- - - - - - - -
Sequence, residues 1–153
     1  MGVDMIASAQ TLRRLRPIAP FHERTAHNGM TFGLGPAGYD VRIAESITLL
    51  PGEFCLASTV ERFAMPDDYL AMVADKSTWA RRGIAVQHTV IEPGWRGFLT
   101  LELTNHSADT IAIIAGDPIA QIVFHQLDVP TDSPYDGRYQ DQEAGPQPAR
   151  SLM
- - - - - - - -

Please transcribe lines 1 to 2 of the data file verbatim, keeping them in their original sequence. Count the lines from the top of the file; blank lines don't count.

Sequence, residues 1–153
     1  MGVDMIASAQ TLRRLRPIAP FHERTAHNGM TFGLGPAGYD VRIAESITLL